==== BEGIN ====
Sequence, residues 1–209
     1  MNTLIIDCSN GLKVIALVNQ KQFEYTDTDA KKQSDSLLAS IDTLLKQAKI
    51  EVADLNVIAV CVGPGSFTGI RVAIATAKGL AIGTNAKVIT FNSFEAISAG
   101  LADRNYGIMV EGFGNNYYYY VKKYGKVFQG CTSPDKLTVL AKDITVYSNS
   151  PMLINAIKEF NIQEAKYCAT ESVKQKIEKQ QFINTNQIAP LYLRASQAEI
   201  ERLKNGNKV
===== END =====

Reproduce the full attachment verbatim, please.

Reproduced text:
Sequence, residues 1–209
     1  MNTLIIDCSN GLKVIALVNQ KQFEYTDTDA KKQSDSLLAS IDTLLKQAKI
    51  EVADLNVIAV CVGPGSFTGI RVAIATAKGL AIGTNAKVIT FNSFEAISAG
   101  LADRNYGIMV EGFGNNYYYY VKKYGKVFQG CTSPDKLTVL AKDITVYSNS
   151  PMLINAIKEF NIQEAKYCAT ESVKQKIEKQ QFINTNQIAP LYLRASQAEI
   201  ERLKNGNKV